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A Coconut Water Addiction and 20 Minute Treadmill Workout

9 Feb

I happen to love all things coconut, so naturally when coconut water first blew up on the market two years ago I was extremely excited. Coconut water is the kind of thing I only expected to get when on vacation in the Bahamas from a street vendor (which I always do, except I add a little rum in there, heh).

If you’ve never had coconut water, I’ll try to describe it to you: it has the consistency of water, with a coconuty taste–but not at all like the super sweet artificial coconut flavor that you might expect. It’s a much more delicate, subtle taste, almost as if you were smelling it instead of tasting it, if that makes sense. Because it’s not overwhelming, it’s actually quite refreshing, and as it turns out–BONUS!–an awesome post-workout drink.

coconut water

Let’s look at the factors of awesome:

  • The juice is packed with simple sugar, electrolytes, and minerals to replenish hydration levels in the body. Could that mix be any more ideal? It’s like a natural gatorade.
  • The electrolyte content is more than double that of traditional sports drinks with about ½ the carbohydrates. Bam.
  • Research studies suggest that cytokinins (e.g., kinetin and trans-zeatin) in coconut water showed significant anti-ageing, anti-carcinogenic, and anti-thrombotic effects. So if I drink a serving a day I’ll turn back time? Sweet, no big deal.
  • Coconut water has been generally offered to patients with diarrhea in many tropic regions to replace fluid loss from the gastrointestinal tract and reduce the need for intravenous therapy. Upset stomach, diarrhea? Move over pepto. Actually… you can stay.
  • If the coconut is ripe the nutrient composition changes and becomes less desirable therefore most commercially available coconut water is extracted from young coconuts to retain the most advantageous nutrient content. Aw, so we’re eating coconut babies?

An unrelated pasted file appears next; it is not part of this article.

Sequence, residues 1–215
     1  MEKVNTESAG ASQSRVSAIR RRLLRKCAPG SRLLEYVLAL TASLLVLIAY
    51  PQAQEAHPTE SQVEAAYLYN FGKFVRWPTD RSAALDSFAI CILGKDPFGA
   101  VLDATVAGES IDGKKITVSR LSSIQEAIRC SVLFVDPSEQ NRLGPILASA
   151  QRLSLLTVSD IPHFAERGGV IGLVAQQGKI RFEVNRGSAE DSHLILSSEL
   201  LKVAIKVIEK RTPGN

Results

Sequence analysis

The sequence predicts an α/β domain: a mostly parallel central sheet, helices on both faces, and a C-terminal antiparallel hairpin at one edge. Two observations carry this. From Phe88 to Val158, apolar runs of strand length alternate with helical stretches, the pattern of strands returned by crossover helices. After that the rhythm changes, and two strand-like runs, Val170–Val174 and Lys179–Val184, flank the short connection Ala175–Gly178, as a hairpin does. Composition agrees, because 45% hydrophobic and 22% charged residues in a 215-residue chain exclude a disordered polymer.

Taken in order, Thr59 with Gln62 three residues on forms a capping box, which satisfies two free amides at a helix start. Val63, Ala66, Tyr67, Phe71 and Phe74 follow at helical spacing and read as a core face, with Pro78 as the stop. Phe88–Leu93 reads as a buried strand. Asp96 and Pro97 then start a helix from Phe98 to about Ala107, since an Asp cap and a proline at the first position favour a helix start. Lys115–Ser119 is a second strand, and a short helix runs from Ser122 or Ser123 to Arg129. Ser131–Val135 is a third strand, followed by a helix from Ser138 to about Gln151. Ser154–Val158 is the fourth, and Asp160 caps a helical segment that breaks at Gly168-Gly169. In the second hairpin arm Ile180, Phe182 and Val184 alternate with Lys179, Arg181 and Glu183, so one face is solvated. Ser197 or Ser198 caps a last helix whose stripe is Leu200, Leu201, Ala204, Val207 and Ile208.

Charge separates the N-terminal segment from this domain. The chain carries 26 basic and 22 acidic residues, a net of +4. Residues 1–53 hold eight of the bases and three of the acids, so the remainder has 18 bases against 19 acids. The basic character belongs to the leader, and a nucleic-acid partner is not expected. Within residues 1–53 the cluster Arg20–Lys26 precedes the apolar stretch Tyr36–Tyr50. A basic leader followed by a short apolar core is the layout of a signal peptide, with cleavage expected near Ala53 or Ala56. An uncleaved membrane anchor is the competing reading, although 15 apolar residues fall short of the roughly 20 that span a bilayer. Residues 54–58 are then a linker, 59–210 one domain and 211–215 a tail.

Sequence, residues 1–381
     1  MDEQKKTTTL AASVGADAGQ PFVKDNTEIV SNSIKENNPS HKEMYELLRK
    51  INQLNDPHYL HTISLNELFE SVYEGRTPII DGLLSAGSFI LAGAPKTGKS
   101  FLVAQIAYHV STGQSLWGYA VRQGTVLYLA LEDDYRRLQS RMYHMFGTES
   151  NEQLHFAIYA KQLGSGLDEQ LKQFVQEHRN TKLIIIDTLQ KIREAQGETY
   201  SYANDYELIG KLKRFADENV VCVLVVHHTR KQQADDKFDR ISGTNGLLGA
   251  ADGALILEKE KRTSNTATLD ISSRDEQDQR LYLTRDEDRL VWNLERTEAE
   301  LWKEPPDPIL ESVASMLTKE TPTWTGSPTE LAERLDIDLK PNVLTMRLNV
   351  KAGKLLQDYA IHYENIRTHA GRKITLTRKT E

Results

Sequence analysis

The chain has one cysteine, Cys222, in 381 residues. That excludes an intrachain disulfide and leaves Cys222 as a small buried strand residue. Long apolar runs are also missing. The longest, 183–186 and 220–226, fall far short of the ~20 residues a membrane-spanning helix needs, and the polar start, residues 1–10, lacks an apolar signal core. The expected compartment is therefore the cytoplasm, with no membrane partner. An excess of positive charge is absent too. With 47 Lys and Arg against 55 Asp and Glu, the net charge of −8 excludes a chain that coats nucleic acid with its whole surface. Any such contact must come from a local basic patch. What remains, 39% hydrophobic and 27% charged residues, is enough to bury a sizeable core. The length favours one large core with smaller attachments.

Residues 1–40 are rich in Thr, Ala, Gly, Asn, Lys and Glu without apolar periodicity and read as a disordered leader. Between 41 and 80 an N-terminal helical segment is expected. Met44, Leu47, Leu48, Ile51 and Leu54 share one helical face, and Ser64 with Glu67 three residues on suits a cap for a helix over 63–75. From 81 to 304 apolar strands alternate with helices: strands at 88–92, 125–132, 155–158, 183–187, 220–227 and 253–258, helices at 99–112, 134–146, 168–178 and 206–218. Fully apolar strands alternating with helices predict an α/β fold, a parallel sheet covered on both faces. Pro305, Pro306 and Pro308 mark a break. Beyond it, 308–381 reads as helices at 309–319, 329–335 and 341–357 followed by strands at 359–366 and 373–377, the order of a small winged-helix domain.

• Source, and source, and source

After my workouts, I’ve become addicted to drinking coconut water. Back when I first started doing high intensity interval training workouts, I used to be a slug around work all day after the gym. Coconut water used to really help me pull myself up over that body exhaustion somehow and help me recover into mid-morning aliveness. True story. And in case you’re wondering, no this is not a sponsored blog post, though I wish it was. Coconut water companies, if you’re out there, get at me :) .

20 Minute Cardio Workout

Here’s a great workout to do when you’re short on time, and want to focus on a solid cardio sweat. If I have days when I’m too sore to do anything else, or I just don’t feel like doing any push ups, this is my go-to. I gave it to Dave to do once too, and he said it was a solid workout. So, male and female approved.

This workout was inspired by Fitness Sista. The basic idea is to spend the first half at a steady pace will raising the incline for an uphill, lower body & cardio workout, while the second half focuses on a faster pace–working your legs in a different way while still getting in good cardio. You can use any type of cardio equipment you want–treadmill, elliptical, stairmaster, bike–you name it. You can also go walking or running outside with this in mind as long as you have a little watch to keep time (and if you don’t have a hill to run on an incline, just focus on raising your pace a little every minute).

Here’s a treadmill version:

  • minute 1-2: run at 4.5
  • minute 2-3: bring it up to a speed of 5 (you’ll be steady there for a while), and up to an incline of 1
  • minute 3-4: Raise the incline to 2
  • minute 4-5: incline of 3
  • minute 5-6: incline of 4
  • minute 6-7: inlcine of 5
  • minute 7-8: incline of 6
  • minute 8-9: incline of 7
  • minute 9-10: incline of 8
  • minute 10-11: incline of 7
  • minute 11-12: incline of 6
  • minute 12:13: incline of 2–TIME FOR SPEED NEXT!
  • minute 13-14: raise the speed to 5.5 and lower to an incline of 1
  • minute 14-15: speed of 5.7
  • minute 15-16: speed of 5.9
  • minute 16-17: speed of 6.1
  • minute 17-19: hold at a speed of 6.3
  • minute 19-20: speed of 5.7